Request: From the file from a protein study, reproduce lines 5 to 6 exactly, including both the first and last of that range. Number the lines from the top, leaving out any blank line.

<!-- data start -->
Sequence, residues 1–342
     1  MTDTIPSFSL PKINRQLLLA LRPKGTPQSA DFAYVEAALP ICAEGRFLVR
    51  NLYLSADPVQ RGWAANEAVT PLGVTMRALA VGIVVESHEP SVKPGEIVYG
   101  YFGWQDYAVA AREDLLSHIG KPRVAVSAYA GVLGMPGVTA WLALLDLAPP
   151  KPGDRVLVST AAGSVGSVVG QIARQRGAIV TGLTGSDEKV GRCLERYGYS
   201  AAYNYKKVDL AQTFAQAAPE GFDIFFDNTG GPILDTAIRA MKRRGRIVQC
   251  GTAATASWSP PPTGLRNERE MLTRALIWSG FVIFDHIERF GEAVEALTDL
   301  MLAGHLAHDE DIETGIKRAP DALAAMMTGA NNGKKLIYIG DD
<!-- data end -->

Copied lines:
   151  KPGDRVLVST AAGSVGSVVG QIARQRGAIV TGLTGSDEKV GRCLERYGYS
   201  AAYNYKKVDL AQTFAQAAPE GFDIFFDNTG GPILDTAIRA MKRRGRIVQC